The second album, 1979’s OmniCircus, consists of two side-length tracks, “Kriegspiel” and “Eropoc,” intended to soundtrack “the first two sections of OmniCircus, a theater piece for electronic music, computer graphics, video synthesis, dance, sculpture, architecture, and drama,” in Garvey’s words. Text on the back cover reads: “The danger of nuclear destruction; the enveloping of the embryo by the womb; the enveloping of the womb by the pelvis; the enveloping of the pelvis by the tissue seared by newstar; the enveloping of the carrion crow; the enveloping of the carrion dog; the enveloping of the carrion itself by the primeval light of hellfire newstar.” Heavy stuff! (OmniCircus was reissued on CD-R in 2015 by Keith Fullerton Whitman’s Creel Pone label, which bootlegs early electronic and experimental music that Whitman considers historically important.)
Garvey took classes at SAIC from 1976 till ’82 and at the UIC Chicago Circle campus from 1980 till ’82, at which point he moved to Oakland to attend Laney College. He studied there till 1988, exploring printmaking, surrealist oil painting, and kinetic sculpture. In the Bay Area, he launched the Theatre Concrete, which he calls “a multimedia performance space that took Omega one step further with virtuoso-level collaborations with actors, robotics, and filmmaking professionals.”
Garvey resurrected the OmniCircus concept in 1988, and in 1992 it took the form of a San Francisco theater, gallery, and performance-art space that integrated live acting, music, dance, and film with sophisticated mechanical actors and MIDI-controlled, computer-animated performers. The OmniCircus has also hosted installations of Garvey’s paintings, sculptures, and photographs.
In 1995 Garvey met engineers Aaron Edsinger, Jeff Weber, and Carl Pisaturo, who helped him build the remote-controlled sculptures that made up what he calls OmniCircus’s “robotic red-light district.” To paraphrase Garvey, these machines helped dramatize the needless suffering caused by the slave culture of late capitalism. Imagine gutted creatures from Robocop cast in a Marxist Dark Crystal that’s set in a Mad Max dystopia—or just check out the YouTube footage below.
In the late 90s, Garvey moved to Pittsburgh for a few years to teach at Carnegie Mellon University and launch its short-lived Center for Robotic and Synthetic Performance (CRSP), cosponsored by the school’s Robotics Institute and Entertainment Technology Center. In the early aughts he also released material in two different ensembles, both affiliated with OmniCircus: DeusMachina, which released the CD House of the Deafman via Innova Records in 2001, and Moth Nor Rust.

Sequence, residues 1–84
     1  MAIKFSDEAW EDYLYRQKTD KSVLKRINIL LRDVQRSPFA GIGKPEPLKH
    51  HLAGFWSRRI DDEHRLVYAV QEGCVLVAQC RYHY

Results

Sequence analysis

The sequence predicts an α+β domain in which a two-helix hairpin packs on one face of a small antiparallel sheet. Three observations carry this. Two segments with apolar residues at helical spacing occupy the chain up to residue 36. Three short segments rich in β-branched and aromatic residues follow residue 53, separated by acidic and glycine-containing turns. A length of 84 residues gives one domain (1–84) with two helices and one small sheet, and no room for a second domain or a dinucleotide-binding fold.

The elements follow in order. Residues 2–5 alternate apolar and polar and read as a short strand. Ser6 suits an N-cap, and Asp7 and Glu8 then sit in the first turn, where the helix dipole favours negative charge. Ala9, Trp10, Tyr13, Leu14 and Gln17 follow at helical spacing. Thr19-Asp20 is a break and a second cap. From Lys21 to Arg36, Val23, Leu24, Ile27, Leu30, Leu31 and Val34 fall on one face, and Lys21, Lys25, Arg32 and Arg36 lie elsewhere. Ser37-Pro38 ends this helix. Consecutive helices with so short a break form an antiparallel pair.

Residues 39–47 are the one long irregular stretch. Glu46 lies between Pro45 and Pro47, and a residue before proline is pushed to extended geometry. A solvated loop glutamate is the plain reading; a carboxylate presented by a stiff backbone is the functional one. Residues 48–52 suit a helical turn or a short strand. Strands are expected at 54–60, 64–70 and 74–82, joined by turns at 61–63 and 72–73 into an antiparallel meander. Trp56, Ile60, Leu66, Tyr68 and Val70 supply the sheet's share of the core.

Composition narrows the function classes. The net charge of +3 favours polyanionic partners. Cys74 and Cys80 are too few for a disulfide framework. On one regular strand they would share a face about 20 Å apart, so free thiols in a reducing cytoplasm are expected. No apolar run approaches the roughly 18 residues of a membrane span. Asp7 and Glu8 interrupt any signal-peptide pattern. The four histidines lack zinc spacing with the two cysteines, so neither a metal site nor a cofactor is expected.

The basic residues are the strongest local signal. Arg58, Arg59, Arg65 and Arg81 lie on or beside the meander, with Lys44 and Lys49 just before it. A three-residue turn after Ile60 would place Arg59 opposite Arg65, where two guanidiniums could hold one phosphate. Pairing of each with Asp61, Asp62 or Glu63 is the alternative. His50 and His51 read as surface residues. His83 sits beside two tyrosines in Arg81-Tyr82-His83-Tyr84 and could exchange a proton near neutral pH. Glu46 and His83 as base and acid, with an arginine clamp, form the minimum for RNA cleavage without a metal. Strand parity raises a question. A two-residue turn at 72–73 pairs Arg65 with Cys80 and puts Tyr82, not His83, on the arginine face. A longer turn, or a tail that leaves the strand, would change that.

“DeusMachina evolved from the immense creativity of the collaboration with Diana Trimble, Daniel Berkman, and David Earl,” Garvey says. “And Moth Nor Rust continued with Daniel and David but replaced Diana with a virtual processional of brilliant singers, including Oya, Kyrstyn Pixton, Anne Goldman, and Marya Stark.”
In 2015, illness spelled the end of the OmniCircus space. “I developed throat cancer in 2011,” Garvey explains, “and the treatment—which included radiation and an experimental immunotherapy chemo—not only burned my face off, it also completely destroyed my ability to keep OmniCircus going.”
Since the closure of OmniCircus, Garvey has split his time between the west coast and the midwest. “I’ve been on the road, mostly traveling between San Francisco and a cute little farm town in Clinton, Illinois,” he says. “I’m able to make music here, but so far there’s no sign of collaborators. I can create music and surreal constructions, but not theater so far. . . . COVID makes collaboration hard to impossible anyways these days, no matter where I am, so I’m just dealing with isolation like everyone is.”
When the U.S. finally gets it together to escape the pandemic’s grip, Garvey won’t have to build all his own bandmates anymore—look for him to come roaring back with an explosion of new work. v
The radio version of the Secret History of Chicago Music airs on Outside the Loop on WGN Radio 720 AM, Saturdays at 6 AM with host Mike Stephen. Past shows are archived here.